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Rejections and the importance of first response times

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  • Ofer H. Azar

Abstract

Previous studies about the academic publishing process consider the publication delay as starting from the submission to the publishing journal. This ignores the potential delay caused by rejections received from previous journals. Knowing how many times papers are submitted prior to publication is essential for evaluating the importance of different publication delays and the refereeing process cost, and can improve our decisions about if and how the review process should be altered, decisions that affect the productivity of economists and other scholars. Using numerical analysis and evidence on acceptance rates of various journals, estimates that most manuscripts are submitted between three and six times prior to publication. This implies that the first response time (the time between submission and first editorial decision) is much more important than other parts of the publication delay, suggesting important policy implications for editors and referees.

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Bibliographic Info

Article provided by Emerald Group Publishing in its journal International Journal of Social Economics.

Volume (Year): 31 (2004)
Issue (Month): 3 (March)
Pages: 259-274

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Handle: RePEc:eme:ijsepp:v:31:y:2004:i:3:p:259-274

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Related research

Keywords: Journal publishers; Production processes; Publishing; Turnarounds;

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Cited by:
  1. Francesc Pujol, 2008. "Ranking Journals Following a Matching Model Approach: An Application to Public Economics Journals," Journal of Public Economic Theory, Association for Public Economic Theory, vol. 10(1), pages 55-76, 02.
  2. Holm, Håkan J., 2011. "Double-blind in light of the internet: A note on author anonymity," Information Economics and Policy, Elsevier, Elsevier, vol. 23(1), pages 24-26, March.
  3. Ofer H. Azar, 2005. "The Review Process in Economics: Is it Too Fast?," General Economics and Teaching, EconWPA 0503013, EconWPA.
  4. Lee, Sam-Ho, 2009. "A theory of self-selection in a market with matching frictions: An application to delay in refereeing times in economics journals," Journal of Economic Behavior & Organization, Elsevier, Elsevier, vol. 72(1), pages 344-360, October.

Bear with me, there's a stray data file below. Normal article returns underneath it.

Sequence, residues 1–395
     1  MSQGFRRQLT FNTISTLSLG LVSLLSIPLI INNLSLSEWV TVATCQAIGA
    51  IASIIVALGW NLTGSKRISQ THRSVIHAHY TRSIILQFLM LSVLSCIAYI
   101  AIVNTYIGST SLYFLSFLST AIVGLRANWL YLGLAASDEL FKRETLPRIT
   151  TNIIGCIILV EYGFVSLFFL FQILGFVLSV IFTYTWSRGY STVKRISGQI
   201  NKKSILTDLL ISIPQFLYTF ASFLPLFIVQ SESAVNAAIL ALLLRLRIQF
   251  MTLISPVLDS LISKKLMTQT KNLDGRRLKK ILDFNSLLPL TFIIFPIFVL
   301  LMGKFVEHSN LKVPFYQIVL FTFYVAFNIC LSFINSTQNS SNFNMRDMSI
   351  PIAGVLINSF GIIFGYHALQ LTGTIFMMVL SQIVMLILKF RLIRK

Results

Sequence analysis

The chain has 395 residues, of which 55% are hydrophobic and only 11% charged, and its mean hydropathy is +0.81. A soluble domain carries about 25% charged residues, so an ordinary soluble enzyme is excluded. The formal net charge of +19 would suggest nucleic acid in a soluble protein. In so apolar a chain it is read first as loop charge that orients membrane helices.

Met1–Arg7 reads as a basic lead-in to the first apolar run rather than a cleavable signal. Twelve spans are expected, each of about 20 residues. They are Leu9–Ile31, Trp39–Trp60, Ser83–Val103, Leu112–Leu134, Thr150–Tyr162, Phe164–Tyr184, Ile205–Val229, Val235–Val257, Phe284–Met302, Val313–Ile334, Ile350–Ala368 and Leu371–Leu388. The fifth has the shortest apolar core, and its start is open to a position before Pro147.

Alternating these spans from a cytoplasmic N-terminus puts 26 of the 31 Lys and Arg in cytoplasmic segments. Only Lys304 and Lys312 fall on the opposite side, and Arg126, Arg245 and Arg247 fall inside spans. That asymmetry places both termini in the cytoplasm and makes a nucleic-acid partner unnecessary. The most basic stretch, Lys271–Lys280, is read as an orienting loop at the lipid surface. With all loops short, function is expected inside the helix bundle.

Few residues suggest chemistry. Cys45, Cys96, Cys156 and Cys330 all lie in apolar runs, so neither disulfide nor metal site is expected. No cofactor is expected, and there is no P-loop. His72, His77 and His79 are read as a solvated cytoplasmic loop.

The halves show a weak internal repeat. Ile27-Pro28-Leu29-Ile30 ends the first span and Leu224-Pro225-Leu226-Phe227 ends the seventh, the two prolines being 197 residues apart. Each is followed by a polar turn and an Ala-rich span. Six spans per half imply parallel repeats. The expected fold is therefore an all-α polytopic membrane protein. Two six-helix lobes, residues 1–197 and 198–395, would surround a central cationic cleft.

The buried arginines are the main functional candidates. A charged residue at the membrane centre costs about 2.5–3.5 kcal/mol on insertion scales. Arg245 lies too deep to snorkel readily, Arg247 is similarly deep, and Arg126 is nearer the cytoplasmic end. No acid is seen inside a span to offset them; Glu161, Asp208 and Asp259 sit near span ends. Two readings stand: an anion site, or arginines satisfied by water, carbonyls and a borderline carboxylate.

5. Holm, Håkan J., 2009. "Double-Blind in Light of Internet – Note on Review Processes," Working Papers, Lund University, Department of Economics 2009:5, Lund University, Department of Economics.
  6. Damien Besancenot & Kim Huynh & Joao Faria, 2012. "Search and research: the influence of editorial boards on journals’ quality," Theory and Decision, Springer, Springer, vol. 73(4), pages 687-702, October.
  7. Azar, Ofer H., 2008. "Evolution of social norms with heterogeneous preferences: A general model and an application to the academic review process," Journal of Economic Behavior & Organization, Elsevier, Elsevier, vol. 65(3-4), pages 420-435, March.
  8. Ofer H. Azar, 2005. "The Academic Review Process: How Can We Make it More Efficient?," General Economics and Teaching, EconWPA 0502069, EconWPA.
  9. Berg, Nathan & Faria, Joao, 2008. "Negatively correlated author seniority and the number of acknowledged people: Name-recognition as a signal of scientific merit?," Journal of Behavioral and Experimental Economics (formerly The Journal of Socio-Economics), Elsevier, Elsevier, vol. 37(3), pages 1234-1247, June.
  10. Moizer, Peter, 2009. "Publishing in accounting journals: A fair game?," Accounting, Organizations and Society, Elsevier, vol. 34(2), pages 285-304, February.
  11. Heintzelman Martin & Nocetti Diego, 2009. "Where Should we Submit our Manuscript? An Analysis of Journal Submission Strategies," The B.E. Journal of Economic Analysis & Policy, De Gruyter, De Gruyter, vol. 9(1), pages 1-28, September.
  12. Azar, Ofer H., 2002. "The slowdown in first-response times of economics journals: Can it be beneficial?," MPRA Paper 4478, University Library of Munich, Germany.

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